The paper expands on the problem of sustainability of dialecticity, i.e. the conditions and the potential of the dialect codes in the regions of Lithuania based on the data of the project “Distribution of Regional Variants and Quasistandard Language at the Beginning of the 21st Century: Perceptual Approach (Perceptual Categorisation of Variants)”. It aims to reveal whether and to what extent the narrative of an ordinary member of a language community allows to approach regional dialecticity via the dimension of (non)sustainability of dialecticity.
The empirical basis for the analytical discourse developed in the paper was constructed from the data revealing the language attitudes of 910 young persons from 21 regional points (which in the etic narratives were estimated as includable into the zone of the already formed (or forming) variant on the basis of the traditional dialect), fixed by applying the instrumentarium worked out in perceptual dialectology (PD).
Having generalised the data of language self-observation and acknowledgement of dialecticity in the micro-/macro-environment, it might be claimed that, in the region of Lowland dialecticity, the areas of the sustainable dialecticity dominate: here, no less than 2/3 of the community might be estimated as having the potential to choose and realise the dialect code.
The PD research including the young Highland people, which was based on the comparative analysis of the data, concerning the application of the language behaviour of young people and their a priori attitudes toward the spread of the dialect code, led to the observation that the following ab intus estimations of the dialect codes have been constructed: I am more tolerant toward it; I show less attempt at self-identification.
It should be stressed that, in the regions of Highland dialecticity, not merely the areas of the sustainable dialecticity have been fixed, where the communal members firmly positioned their identity as active (im)permanent representatives of the dialect code. The emic narratives reconstructed from the PD research data allowed to distinguish the areas of the relatively sustainable dialecticity, where only around 1/2 of communal members might be identified as the active (im)permanent representatives of the dialect code, and the areas of the unsustainable dialecticity where only 1/3 and less of the communal members were apt to recognise their dialect identification.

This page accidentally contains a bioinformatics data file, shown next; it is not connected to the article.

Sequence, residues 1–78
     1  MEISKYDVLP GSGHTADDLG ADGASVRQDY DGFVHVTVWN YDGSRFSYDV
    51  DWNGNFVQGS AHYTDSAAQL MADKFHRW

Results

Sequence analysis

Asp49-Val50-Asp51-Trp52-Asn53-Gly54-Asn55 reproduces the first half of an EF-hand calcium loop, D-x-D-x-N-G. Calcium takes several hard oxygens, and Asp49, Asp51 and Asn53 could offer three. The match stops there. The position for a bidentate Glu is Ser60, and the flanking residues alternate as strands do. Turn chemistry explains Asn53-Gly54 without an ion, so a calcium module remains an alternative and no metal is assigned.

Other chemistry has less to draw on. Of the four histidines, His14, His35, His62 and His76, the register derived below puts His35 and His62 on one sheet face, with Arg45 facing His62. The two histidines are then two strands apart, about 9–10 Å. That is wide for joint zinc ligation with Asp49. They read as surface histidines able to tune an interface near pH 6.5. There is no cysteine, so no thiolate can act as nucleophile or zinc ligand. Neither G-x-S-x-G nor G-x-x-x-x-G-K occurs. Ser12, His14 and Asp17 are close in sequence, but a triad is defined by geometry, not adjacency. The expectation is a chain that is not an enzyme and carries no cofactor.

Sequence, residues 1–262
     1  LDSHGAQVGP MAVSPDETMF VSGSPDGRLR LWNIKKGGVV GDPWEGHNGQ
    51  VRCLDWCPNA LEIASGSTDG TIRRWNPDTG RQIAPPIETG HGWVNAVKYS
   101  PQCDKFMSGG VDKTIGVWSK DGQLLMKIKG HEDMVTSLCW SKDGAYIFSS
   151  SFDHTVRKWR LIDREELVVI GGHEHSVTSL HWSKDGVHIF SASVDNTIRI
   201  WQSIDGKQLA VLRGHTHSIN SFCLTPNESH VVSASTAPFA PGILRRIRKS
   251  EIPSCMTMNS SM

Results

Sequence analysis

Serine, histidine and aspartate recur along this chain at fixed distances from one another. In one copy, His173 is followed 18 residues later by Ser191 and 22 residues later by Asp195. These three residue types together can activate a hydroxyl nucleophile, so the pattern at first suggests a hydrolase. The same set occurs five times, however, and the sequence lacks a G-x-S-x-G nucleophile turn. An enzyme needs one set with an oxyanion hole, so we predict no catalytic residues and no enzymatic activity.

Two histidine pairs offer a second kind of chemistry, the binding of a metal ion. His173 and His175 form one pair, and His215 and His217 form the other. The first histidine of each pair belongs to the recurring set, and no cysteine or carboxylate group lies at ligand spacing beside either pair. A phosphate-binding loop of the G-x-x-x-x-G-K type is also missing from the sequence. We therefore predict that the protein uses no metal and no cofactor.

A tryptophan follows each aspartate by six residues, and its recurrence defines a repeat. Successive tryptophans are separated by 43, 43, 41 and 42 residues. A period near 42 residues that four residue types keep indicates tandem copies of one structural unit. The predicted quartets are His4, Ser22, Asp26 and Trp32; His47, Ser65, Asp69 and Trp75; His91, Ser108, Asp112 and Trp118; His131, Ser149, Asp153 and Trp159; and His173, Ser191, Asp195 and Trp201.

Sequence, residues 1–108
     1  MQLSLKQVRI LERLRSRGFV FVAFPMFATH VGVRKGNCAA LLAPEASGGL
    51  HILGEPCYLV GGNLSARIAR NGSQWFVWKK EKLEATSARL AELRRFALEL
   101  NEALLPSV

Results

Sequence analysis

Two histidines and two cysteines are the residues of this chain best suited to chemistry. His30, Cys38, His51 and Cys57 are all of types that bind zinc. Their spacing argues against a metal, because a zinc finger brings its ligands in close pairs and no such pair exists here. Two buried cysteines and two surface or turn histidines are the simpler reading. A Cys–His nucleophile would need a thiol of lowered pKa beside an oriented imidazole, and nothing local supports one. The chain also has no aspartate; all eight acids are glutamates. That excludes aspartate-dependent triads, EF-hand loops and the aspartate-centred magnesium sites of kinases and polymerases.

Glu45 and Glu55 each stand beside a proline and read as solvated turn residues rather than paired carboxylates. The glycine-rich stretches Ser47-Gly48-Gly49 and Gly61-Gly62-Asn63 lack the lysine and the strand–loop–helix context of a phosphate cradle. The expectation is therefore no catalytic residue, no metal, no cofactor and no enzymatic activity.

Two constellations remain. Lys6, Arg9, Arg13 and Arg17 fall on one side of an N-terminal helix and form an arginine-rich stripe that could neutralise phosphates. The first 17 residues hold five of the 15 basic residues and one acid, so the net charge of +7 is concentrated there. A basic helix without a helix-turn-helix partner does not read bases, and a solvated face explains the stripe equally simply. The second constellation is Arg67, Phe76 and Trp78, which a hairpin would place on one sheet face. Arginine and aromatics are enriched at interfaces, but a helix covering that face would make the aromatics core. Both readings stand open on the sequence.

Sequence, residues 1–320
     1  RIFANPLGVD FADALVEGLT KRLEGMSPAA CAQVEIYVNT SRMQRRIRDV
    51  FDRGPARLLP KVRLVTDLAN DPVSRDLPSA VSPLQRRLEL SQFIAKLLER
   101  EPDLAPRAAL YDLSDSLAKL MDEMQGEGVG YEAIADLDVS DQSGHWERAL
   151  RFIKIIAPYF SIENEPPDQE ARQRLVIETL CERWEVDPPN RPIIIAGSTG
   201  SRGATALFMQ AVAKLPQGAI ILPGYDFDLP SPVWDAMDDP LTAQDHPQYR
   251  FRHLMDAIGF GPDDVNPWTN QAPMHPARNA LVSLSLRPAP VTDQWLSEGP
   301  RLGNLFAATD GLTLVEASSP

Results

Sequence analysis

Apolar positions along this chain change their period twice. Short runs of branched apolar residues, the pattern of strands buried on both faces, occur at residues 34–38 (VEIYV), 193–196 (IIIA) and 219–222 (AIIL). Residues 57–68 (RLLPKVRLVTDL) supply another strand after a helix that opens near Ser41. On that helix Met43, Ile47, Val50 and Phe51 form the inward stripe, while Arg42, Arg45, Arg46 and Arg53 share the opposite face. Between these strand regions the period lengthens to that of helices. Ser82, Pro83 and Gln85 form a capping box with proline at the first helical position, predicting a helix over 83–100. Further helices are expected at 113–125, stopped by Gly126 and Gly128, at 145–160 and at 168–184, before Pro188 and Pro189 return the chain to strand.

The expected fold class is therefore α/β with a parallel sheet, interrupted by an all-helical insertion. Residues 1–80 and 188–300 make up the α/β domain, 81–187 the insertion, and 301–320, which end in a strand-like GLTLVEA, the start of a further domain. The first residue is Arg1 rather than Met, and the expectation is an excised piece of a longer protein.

The holistic estimation of both the Lowland and the Highland dialecticity, based on the reconstructed fragments of the emic narratives revealing the tendencies of code adjustment, led to the conclusion that Lowland dialecticity should be claimed as more sustainable.
It should be maintained that the concluding remarks are based on the reconstruction of the emic narratives of the group of recipient participants who represent one age category. Therefore, to achieve a more accurate (non)sustainability discourse in dialectology, further steps are required, e.g. the PD research should include the recipients of various age groups; the results obtained in the PD analysis should be compared with the data of direct observation, etc.
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